Griffiths and Mamun Journal of the Egyptian Public Health Association (2020) 95:26 Journal of the Egyptian https://doi.org/10.1186/s42506-020-00054-x Public Health Association LETTER TO THE EDITOR Open Access Internet addiction among young Bangladeshi adults: critical commentary on Hassan et al. (2020) 1* 1,2 Mark D. Griffiths and Mohammed A. Mamun Dear Editor, One of the major omissions in the paper is that in We were very interested to read the paper by Hassan their Introduction, not a single previous Bangladeshi et al.  examining the prevalence and associated factors study was discussed even though there are many (e.g., of internet addiction (IA) among young Bangladeshi [8–21] - see Table 1 for details), and only one was men- adults. However, there are a number of issues of concern tioned in the Discussion . Hasan also claimed that: that we would like to raise. “Most of the studies conducted previously evaluated the In the first paragraph, Hassan et al. claimed that prevalence of internet addiction and its predictors in “Kimberly Young was the first to introduce the concept of adolescent samples, within the age range of 12 to 18 internet addiction disorder (IAD) in 1996” (p. 1). The years” (p. 2). There was no reference for this assertion, paper that was cited  was published in December and furthermore, it is simply not true. For instance, a 1996. However, it was actually Griffiths who systematic review by Kuss et al.  of 68 large-scale published the first paper on internet addiction in studies of IA (i.e., studies with over 1000 participants) November 1996  having already published a more reported that 24 of the studies had purely adult samples, general paper on “technological addictions” in and a further 15 studies had age ranges that included February 1995  as well as populist article on inter- participants over the age of 18 years. In sum, this sys- net addiction in April 1995 . tematic review showed that in the large-scale studies in They then cited a paper by Xin et al.  to provide the period they examined, 39 of the 68 studies were not worldwide prevalence figures (who simply reported carried out on 12–18-year age group samples. prevalence data from other studies) but did not make Another major criticism of Hassan et al.’s study is their any reference to the largest meta-analysis in the IA field scoring on the scale used for IA assessment. The authors by Cheng and Li  who examined prevalence figures said they used the 20-item Bangla version of the Internet comprising 164 studies (N = 89,281) from 31 nations in Addiction Test (IAT) with a cutoff score of 50 (out of seven world regions, and producing a global estimate of 100) to categorize the participants as internet addicts. 6% for IA. Hassan et al. mentioned the wide variations However, the Bangla IAT is an 18-item scale (whereas in IA prevalence across different world regions but pro- the original English language IAT has 20 items) with vided no explanation as to why. Such variation in global total scores ranging from 20 to 90 . The scoring for IA rates can be due to a number of factors, the most im- Bangla IAT is 18–35 for minimal use, 36–62 for moder- portant of which are arguably methodological (e.g., there ate use, and 63–90 for excessive use. However, Hassan are many different psychometric instruments used to as- et al. did not use the appropriate scoring for the sess IA, and different researchers use different cutoff validated Bangla IAT, and given they used a 20-item points even when the same instrument is being used) scale, it is not even clear if they used the Bangla IAT at . These important factors were not mentioned. all (because there is no 20-item validated version). Add- itionally, they cited two papers [15, 23] who they claimed had used a cutoff score of 50 to class individuals as * Correspondence: firstname.lastname@example.org Psychology Department, Nottingham Trent University, 50 Shakespeare internet addicts but neither of these two psychometric Street, Nottingham NG1 4FQ, UK studies suggested 50 as a cutoff score. Full list of author information is available at the end of the article © The Author(s). 2020 Open Access This article is licensed under a Creative Commons Attribution 4.0 International License, which permits use, sharing, adaptation, distribution and reproduction in any medium or format, as long as you give appropriate credit to the original author(s) and the source, provide a link to the Creative Commons licence, and indicate if changes were made. The images or other third party material in this article are included in the article's Creative Commons licence, unless indicated otherwise in a credit line to the material. If material is not included in the article's Creative Commons licence and your intended use is not permitted by statutory regulation or exceeds the permitted use, you will need to obtain permission directly from the copyright holder. To view a copy of this licence, visit http://creativecommons.org/licenses/by/4.0/. Griffiths and Mamun Journal of the Egyptian Public Health Association (2020) 95:26 Page 2 of 4 Table 1 Comparison of Bangladeshi studies examining internet addiction prevalence (in alphabetical order) Authors Study location Study Sample size Assessment tool Scale response Total scale Cutoff scores used Main findings (year published) population (age range) items Afrin et al. Chittagong High school 279 Internet Yes/no 9 < 3 = normal internet user; 2.5% severely addicted to the internet, 64.9% (2017)  students (14–17 years) Addiction Survey 4 to 6 = moderate internet moderately addicted to the internet user; ≤ 7 = severe user Hassan et al. Chittagong, Adults 454 Internet 5-point Likert-type 20* 20–49 points = average 27.1% prevalence of internet addiction (2020)  Dhaka, Sylhet (19–35 years) Addiction Test scale ranging from 1 internet user; ≥ 50 (rarely) to 5 (always) points = internet addicted Islam and Dhaka University 573 Internet 5-point Likert-type 20 ≥ 50 = moderate, excessive, 24% problematic internet users Hossin students (20–30 years) Addiction Test scale ranging from 1 or problematic internet user (2016)  (rarely) to 5 (always) Jahan et al. Dhaka University 390 Internet Yes/no 9 < 3 = normal internet user; 31.5% normal users, 49.2% moderately (2019)  medical (18–26 years) Addiction Survey 4 to 6 = moderate internet addicted users, and 19.3% severely internet students user; ≤ 7 = severe user addicted users Karim and Dhaka University 177 Bangla Internet 5-point Likert-type 18 < 36 = minimal internet 63.95% minimal internet users, 34.3% Nigar students (18–25 years) Addiction Test scale ranging from 1 user; 36–62 = moderate moderate internet users, 1.7% excessive internet (2014)  (rarely) to 5 (always) internet user; > 62 = users excessive internet user Khan Dhaka High school 797 Internet 5-point Likert-type 20 Not reported 20.20% reported as having “internet addiction (2012)  students (mean age = Addiction Test scale ranging from 1 disorder” 16.5 years) (rarely) to 5 (always) Mamun and Dhaka University 300 Bergen Facebook 5-point Likert-type 6 ≥ 18 = at risk of being 39.7% at risk of being addicted to Facebook Griffiths students (mean age = Addiction Scale scale ranging from 1 addicted to Facebook (2019)  20.7 years) (very rarely) to 5 (very often) Mamun et al. Dhaka University 405 Internet 5-point Likert-type 20 ≥ 50 = moderate to high 32.6% problematic internet users (2019)  students (mean age = Addiction Test scale ranging from 1 or problematic internet user 20.2 years) (rarely) to 5 (always) Mamun et al. Rajshahi Graduated 284 Internet 5-point Likert-type 20 < 60 = non-excessive 0% internet addicts, but 3.9% classed as (2019)  students (mean age = Addiction Test scale ranging from 1 internet users; ≥ 60 = excessive users 21.1 years) (rarely) to 5 (always) excessive internet users Mostafa et al. Chittagong Medical and 379 Internet 5-point Likert-type 20 < 20 = normal internet user; Majority of the participants were mild (2019)  university (18–30 years) Addiction Test scale ranging from 1 20–49 = mild internet user; problematic users (54.88%). The prevalence of students (rarely) to 5 (always) 50–79 = moderate internet internet addiction was 1.06% (severe users) user; 80–100 = severe internet user Siddiqi et al. Dhaka High school 376 Bergen Facebook 5-point Likert-type 6** ≥ 20 = at risk of being 49.8%, 41.0%, and 1.6% mild, moderate, and (2018)  students (13–19 years) Addiction Scale scale ranging from 1 addicted to Facebook severe Facebook addicted and 7.6% non- (rarely) to 5 (always) problematic users Uddin et al. Dhaka University 475 Internet 5-point Likert-type 20 ≤ 30 = normal internet 47.7% male and 44.5% female students severely (2016)  students (18–25 years) Addiction Test scale ranging from 1 user; 31–49 = mild internet addicted to the internet, 7.1% male and 33.9% (rarely) to 5 (always) user; 50–79 = moderate female students moderately addicted to the internet user; ≥ 80 = severe internet, 20.7% male and 7.7% female students or excessive internet user mildly addicted to the internet *Paper said the Bangla Internet Addiction Test was used, but based on the description, it appears the Internet Addiction Test was used **Paper claimed there were 18 items, but the Bergen Facebook Addiction Scale only has six items Griffiths and Mamun Journal of the Egyptian Public Health Association (2020) 95:26 Page 3 of 4 Hassan et al. also wrote that the IAT “has been scien- regions, utilizing a “high number of sociodemographic tifically analyzed to state an ambiguous psychometric variables as well as variables related to internet use be- factor structure” (p. 2). On reading this, we were unsure havior and regular activity” [p. 6]) without referring to whether the authors deliberately meant to say the factor any previous Bangladeshi papers as a benchmark. Con- structure was “ambiguous” (as opposed to “unambigu- fusingly, the authors used a survey to collect the data, ous”) given that they were putting forward the rationale but then in the 'Strengths and limitations' section, they for using the IAT in the first place. However, we would said the participants were “conveniently selected for the agree that there is no consensus on the psychometric interview” (p. 6). properties of the IAT, because previous studies have re- Based on these aforementioned criticisms, it can be ported markedly different factor structures [23–28]. Fur- concluded that the paper by Hassan et al.  has many thermore, the items for the IAT were developed in 1998 methodological and conceptual weaknesses as well as in- and a number of the items are now very out of date cluding a number of assertions that were just simply and given the rise of smartphones and social media. These factually incorrect. are reasons that would weaken the rationale for using Abbreviations the IAT rather than strengthen it. IA: Internet addiction; IAD: Internet addiction disorder; IAT: Internet Addiction Hassan et al.’s study reported that over a quarter of Test their Bangladeshi sample are addicted to the internet Acknowledgements (27.1%). Given a cutoff score of 50 was used to classify None individuals as being “addicted” to the internet, it is not surprising the percentage of internet addiction was so Authors’ contributions MG wrote the initial draft of the paper based on ideas from MAM. Both high because the vast majority will not have been authors contributed to subsequent drafts. The author(s) read and approved addicted with such a low cutoff score. There is simply the final manuscript. no face validity to the claim that over one quarter of Bangladeshi adults are addicted to the internet. The ori- Funding None ginal developer of the IAT initially suggested a score of above 80 to be classed as an internet addict . Hassan Availability of data and materials et al. then compared their Bangladeshi prevalence rate Not applicable to a single previous Bangladeshi study. To our know- Ethics approval and consent to participate ledge, at the time of writing, there were at least 14 previ- Not applicable ous papers specifically examining problematic internet use in Bangladesh (i.e., 10 papers on internet addiction, Consent for publication two on social media addiction, and two commentaries), Not applicable and of these, 11 papers examined online addiction Competing interests prevalence in Bangladesh, yet apart from one study , None none of these was referred to. Hassan et al. then com- Author details pared their IA prevalence rates to just four other seem- Psychology Department, Nottingham Trent University, 50 Shakespeare ingly arbitrary studies in four different countries (i.e., Street, Nottingham NG1 4FQ, UK. Undergraduate Research Organization, Jordan, Iran, UK, and Taiwan) out of the hundreds that Savar, Dhaka, Bangladesh. have now been published. The lack of comparison with Received: 16 May 2020 Accepted: 27 August 2020 studies that are clearly relevant (particularly previous Bangladeshi studies) is of concern. Put simply, the “Dis- cussion” did not contextualize the findings in relation to References 1. Hassan T, Alam MM, Wahab A, Hawlader MD. Prevalence and associated the most relevant studies. factors of internet addiction among young adults in Bangladesh. J Egypt Additionally, Hassan et al. claimed in their conclu- Public Health Assoc. 2020;95(1):3. sion that “[t]he prevalence of excessive internet use is 2. Young KS. Internet addiction: the emergence of a new clinical disorder. CyberPsychology Behav. 1996;1(3):237–44. significant among young adults in Bangladesh, which 3. Griffiths MD. Internet addiction: an issue for clinical psychology? Clin is conforming with the global trend” (p. 7). However, Psychol Forum. 1996;97:32–6. few studies were cited in the paper on which to base 4. Griffiths MD. Technological addictions. 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Journal of the Egyptian Public Health Association – Springer Journals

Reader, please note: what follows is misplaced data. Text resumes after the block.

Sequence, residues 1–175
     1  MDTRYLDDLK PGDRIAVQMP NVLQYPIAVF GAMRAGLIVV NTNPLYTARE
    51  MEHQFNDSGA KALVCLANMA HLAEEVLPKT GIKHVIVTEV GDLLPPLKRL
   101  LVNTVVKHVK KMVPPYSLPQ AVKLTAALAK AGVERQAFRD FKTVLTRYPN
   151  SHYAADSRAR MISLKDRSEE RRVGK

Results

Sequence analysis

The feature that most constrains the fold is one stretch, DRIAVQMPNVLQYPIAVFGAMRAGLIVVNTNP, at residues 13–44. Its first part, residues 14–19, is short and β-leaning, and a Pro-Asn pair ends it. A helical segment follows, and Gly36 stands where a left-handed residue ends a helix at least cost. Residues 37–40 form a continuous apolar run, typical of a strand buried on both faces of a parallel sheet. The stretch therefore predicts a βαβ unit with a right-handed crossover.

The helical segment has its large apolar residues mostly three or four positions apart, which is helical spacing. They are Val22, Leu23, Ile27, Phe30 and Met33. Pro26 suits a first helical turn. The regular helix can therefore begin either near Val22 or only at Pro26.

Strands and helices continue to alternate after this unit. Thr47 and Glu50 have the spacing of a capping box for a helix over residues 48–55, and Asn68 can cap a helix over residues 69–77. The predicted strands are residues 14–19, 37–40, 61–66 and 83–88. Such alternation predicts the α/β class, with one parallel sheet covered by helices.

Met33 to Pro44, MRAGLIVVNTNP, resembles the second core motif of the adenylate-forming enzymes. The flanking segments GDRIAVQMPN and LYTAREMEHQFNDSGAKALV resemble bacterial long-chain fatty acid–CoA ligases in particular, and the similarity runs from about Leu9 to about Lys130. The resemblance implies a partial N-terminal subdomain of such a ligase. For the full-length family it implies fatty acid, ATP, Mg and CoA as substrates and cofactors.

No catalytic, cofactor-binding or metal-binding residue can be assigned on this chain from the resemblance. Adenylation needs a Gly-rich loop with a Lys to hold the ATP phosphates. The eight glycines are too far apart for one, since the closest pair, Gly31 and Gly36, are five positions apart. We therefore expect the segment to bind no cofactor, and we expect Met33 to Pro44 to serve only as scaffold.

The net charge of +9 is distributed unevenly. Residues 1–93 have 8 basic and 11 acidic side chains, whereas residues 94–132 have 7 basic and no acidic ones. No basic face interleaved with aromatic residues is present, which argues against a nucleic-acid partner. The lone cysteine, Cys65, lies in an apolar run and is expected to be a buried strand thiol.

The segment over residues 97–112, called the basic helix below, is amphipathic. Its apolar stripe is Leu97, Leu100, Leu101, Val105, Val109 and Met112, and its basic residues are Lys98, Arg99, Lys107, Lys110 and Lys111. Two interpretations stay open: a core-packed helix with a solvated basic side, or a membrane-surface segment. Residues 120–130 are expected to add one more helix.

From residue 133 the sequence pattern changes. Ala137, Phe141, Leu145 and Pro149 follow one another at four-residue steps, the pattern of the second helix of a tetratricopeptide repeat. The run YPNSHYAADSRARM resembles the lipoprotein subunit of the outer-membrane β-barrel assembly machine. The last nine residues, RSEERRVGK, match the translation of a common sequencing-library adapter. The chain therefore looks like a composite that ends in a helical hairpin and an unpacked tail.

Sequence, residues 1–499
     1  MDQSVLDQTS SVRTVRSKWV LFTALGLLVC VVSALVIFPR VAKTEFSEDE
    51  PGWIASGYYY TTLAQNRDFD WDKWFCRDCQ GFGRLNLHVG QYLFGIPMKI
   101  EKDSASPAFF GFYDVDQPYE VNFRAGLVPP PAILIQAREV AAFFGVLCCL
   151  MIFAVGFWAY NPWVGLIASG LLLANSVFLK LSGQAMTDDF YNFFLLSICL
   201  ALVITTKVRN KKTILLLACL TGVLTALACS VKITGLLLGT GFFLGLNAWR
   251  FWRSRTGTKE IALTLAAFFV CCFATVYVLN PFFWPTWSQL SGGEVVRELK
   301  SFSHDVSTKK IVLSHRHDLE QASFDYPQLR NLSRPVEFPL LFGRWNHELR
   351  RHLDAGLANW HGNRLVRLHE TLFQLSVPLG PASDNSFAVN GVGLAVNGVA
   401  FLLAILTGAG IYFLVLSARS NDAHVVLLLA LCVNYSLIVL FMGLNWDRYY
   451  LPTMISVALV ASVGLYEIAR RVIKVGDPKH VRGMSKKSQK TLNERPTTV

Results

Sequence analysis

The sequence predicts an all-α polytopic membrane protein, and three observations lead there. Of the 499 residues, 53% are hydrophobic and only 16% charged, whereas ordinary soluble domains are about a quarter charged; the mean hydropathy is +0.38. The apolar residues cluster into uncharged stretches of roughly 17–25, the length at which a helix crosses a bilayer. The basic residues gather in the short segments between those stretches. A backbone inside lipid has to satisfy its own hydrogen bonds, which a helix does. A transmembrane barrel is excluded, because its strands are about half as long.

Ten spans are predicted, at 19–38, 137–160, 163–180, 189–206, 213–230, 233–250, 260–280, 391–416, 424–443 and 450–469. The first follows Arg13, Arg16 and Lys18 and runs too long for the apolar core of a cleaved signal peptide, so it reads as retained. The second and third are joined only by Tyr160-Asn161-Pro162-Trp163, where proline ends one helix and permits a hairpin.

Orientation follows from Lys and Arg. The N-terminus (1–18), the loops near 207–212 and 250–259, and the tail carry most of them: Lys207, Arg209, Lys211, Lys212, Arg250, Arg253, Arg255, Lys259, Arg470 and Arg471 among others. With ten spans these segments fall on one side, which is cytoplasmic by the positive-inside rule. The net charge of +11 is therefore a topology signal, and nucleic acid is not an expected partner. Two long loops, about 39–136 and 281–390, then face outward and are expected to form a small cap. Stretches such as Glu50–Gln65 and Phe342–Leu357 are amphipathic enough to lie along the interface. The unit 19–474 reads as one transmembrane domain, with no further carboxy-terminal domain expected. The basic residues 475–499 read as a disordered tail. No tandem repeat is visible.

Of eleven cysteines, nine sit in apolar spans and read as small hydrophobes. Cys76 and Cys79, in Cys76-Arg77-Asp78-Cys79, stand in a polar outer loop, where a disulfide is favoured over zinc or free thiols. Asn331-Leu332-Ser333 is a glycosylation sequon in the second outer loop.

Published: Sep 29, 2020